International Monetary Fund. External Relations Dept.
Dr. Yaga Venugopal Reddy was Governor, Reserve Bank of India, from 2003 to 2008. Subsequently, he was a member of the UN Commission of Experts to the President of the UN General Assembly on Reforms of the International Monetary and Financial System. Dr. Reddy was also a member of an informal international group of prominent persons on international monetary reforms (Palais Royal Initiative). He is Professor Emeritus at the University of Hyderabad and Distinguished Professor at the Indian Institute for Technology (IIT) Madras, as well as an honorary fellow of the London School of Economics and Political Science, and is on the Advisory Board of the Institute for New Economic Thinking (INET).
Former Managing Director of the International Monetary Fund, Michel Camdessus, is Honorary Governor of the Banque de France and Personal Representative of the French President, Jacques Chirac, for the New Partnership for Africa’s Development (NEPAD). He is a member of the Commission for Africa, which is chaired by the British Prime Minister, Tony Blair.
This paper focuses on the developing countries, which accounted for nearly half the value of those surpluses, were apparently unable to find sufficiently profitable investments at home that overcame market and political risk. The United States a decade ago likely could not have run up today’s near $800 billion annual deficit for the simple reason that we could not have attracted the foreign savings to finance it. In 1995, for example, total cross-border saving was less than $300 billion. The long-term updrift in this broader swath of unconsolidated deficits and mostly offsetting surpluses of economic entities has been persistent but gradual for decades, probably generations. However, the component of that broad set that captures only the net foreign financing of the imbalances of the individual US economic entities, our current account deficit, increased from negligible in the early 1990s to 6.2 percent of our GDP by 2006.
… here is a case in which it is difficult to know what to say about the recent past. There possibly has been another major change in the interpretation of the theory in roughly the last decade … but it is hard to know, for sure.
Ladies and gentlemen, Governors, I should first say, I am deeply grateful to the Per Jacobsson Foundation and to the BIS for providing me with this opportunity. I am honored to have been invited to deliver this Per Jacobsson Foundation Lecture, and by the presence of so many distinguished guests.
International Monetary Fund. Communications Department
It is a great honor to deliver the Per Jacobsson Foundation Lecture, and I thank the organizers for inviting me. Per Jacobsson, a Swede, was the third Managing Director of the International Monetary Fund (IMF), serving from 1956 to 1963. During his tenure, the Fund supported the return to convertibility of the major European currencies, increased its resources by securing the General Arrangements to Borrow, and established the Compensatory Financing Facility to help member countries cope with temporary fluctuations in international payments.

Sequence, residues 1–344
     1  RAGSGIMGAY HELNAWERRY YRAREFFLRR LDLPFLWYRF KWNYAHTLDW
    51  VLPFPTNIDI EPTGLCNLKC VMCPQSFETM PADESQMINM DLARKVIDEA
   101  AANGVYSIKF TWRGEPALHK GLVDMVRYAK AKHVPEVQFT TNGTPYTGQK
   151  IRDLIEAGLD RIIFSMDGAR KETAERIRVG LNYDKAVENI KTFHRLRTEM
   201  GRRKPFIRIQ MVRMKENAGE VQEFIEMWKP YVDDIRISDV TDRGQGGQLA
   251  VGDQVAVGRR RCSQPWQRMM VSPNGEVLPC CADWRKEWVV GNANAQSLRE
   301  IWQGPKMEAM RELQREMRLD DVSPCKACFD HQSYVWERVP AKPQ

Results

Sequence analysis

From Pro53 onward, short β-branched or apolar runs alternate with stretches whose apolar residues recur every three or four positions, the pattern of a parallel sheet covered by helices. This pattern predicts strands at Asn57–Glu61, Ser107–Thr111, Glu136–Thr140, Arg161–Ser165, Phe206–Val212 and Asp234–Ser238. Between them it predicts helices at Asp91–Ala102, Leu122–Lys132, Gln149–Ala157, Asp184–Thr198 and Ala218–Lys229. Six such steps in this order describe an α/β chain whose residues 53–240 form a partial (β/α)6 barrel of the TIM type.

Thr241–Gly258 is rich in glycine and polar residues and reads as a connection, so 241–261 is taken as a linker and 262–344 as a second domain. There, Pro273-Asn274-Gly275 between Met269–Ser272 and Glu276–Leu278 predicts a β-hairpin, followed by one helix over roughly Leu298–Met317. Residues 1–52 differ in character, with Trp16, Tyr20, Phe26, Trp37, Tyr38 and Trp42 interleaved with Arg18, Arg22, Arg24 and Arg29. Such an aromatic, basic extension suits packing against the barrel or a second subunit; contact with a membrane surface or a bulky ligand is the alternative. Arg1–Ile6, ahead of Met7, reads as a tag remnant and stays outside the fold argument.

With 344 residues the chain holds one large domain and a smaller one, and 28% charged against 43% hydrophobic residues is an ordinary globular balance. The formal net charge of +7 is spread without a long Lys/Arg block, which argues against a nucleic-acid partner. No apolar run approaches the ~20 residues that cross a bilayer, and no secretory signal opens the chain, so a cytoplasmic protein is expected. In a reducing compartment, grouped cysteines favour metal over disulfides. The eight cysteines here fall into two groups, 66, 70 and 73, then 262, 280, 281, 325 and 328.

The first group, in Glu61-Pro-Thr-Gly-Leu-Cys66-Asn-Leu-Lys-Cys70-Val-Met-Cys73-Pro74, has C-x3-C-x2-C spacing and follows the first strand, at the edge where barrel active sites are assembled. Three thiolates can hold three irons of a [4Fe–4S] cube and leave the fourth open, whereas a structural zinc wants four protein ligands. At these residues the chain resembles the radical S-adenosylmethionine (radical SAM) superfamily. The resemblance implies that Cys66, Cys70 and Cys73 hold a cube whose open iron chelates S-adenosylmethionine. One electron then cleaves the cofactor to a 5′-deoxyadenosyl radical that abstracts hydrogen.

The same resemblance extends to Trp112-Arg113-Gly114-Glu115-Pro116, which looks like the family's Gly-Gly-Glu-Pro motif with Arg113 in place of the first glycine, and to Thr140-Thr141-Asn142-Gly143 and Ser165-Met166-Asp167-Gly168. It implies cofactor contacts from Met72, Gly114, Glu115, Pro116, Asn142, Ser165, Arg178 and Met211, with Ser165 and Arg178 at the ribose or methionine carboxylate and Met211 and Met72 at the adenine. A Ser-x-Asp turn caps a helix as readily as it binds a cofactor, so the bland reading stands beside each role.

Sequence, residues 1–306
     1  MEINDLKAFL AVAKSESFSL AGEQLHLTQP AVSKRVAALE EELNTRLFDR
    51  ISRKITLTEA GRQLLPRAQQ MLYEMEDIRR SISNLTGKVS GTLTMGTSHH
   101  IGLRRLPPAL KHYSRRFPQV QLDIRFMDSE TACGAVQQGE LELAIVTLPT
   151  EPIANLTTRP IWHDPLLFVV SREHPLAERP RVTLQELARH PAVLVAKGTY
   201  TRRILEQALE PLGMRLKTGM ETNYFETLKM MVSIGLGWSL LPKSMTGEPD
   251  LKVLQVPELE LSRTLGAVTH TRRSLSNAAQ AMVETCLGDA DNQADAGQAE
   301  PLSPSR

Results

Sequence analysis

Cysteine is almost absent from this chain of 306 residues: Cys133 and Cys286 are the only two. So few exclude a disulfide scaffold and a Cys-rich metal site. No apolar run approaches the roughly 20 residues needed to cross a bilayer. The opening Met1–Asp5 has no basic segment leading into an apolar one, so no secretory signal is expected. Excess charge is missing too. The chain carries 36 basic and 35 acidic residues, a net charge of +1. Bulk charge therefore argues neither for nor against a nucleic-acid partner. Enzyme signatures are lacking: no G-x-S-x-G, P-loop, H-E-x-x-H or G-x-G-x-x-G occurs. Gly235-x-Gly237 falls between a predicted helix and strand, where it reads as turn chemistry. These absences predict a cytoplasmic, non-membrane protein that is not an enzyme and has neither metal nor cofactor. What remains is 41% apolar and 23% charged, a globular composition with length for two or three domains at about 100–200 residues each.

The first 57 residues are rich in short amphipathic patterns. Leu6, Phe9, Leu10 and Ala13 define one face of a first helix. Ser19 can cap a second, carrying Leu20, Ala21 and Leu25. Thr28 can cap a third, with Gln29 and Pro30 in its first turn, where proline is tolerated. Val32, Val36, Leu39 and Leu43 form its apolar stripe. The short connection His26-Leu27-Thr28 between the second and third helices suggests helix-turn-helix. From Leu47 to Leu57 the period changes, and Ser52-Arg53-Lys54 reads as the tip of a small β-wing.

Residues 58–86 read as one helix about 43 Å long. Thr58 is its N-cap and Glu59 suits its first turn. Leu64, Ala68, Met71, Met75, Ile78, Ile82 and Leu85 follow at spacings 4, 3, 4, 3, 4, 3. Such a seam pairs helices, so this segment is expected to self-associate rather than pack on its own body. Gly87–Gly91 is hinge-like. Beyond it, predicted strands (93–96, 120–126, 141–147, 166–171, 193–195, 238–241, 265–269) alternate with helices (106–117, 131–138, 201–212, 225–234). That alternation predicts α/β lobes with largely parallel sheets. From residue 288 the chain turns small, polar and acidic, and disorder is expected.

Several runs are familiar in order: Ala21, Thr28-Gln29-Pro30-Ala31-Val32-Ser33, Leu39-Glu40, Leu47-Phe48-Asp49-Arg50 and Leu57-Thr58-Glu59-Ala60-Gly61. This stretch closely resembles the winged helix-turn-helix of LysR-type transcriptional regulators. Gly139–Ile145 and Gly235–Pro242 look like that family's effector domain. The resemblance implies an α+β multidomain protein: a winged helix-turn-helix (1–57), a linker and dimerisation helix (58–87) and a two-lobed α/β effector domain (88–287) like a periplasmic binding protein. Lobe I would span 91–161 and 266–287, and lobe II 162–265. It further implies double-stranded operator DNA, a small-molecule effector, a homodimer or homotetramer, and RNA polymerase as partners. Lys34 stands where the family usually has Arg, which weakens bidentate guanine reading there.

A year ago this time, in early October of 2008, the world was on the edge of a financial and economic abyss. Those very close to the events in the financial sector were terrified. The world at large had not yet fully comprehended the magnitude of the disaster. The October 2008 World Economic Outlook had predicted that global GDP growth would have attained 2.7 percent in 2008 and would be 1.9 percent in 2009. Compare that to the 2.1 percent realized in 2008 and the most recent projection of -2.3 percent for 2009. Projections have been revised upward over the last few weeks, but the loss of output in 2009 will still be much greater than what was projected a year ago. The real point, however, is that it could have been much worse. What happened on Wall Street in September of 2008 was the financial equivalent of the Cuban missile crisis of 1962. We came very close to a complete meltdown … as the world had come very close to nuclear war in 1962. But the meltdown did not take place—a very vigorous policy response in the major economies and concerted action by the major central banks forestalled a much worse disaster.1
The October 2009 Per Jacobsson Lecture, delivered in Istanbul in conjunction with the 2009 Annual Meetings of the IMF and World Bank, examined the issue of longer-run growth prospects for the global economy following the recent global economic crisis. Will the world be able, in the five to ten years after the crisis abates, to return to the very rapid kind of economic growth sustained in the five years leading up to it? Noting that recent debate on the topic has focused on demand-side factors, neglecting the key area of supply-side sources of growth, Kemal Dervis, the 2009 Per Jacobsson lecturer, argues that contrary to the majority view that limited, below-trend growth is likely to prevail for some time, there is probably potential for very rapid growth in the world economy over the coming decade, thanks to strong supply-side factors. Whether such growth can be realized depends, however, on demand-side management both at the national level and through improved global macroeconomic policy coordination.
Jean-Claude Trichet is a former President of the European Central Bank, a post that he held from 2003 to 2011. He is currently chairman of the Group of Thirty (a position he has held since 2011) and of the Board of Directors of the Bruegel Institute (since 2012). He is also a member of the Institut de France (Académie des Sciences Morales et Politiques).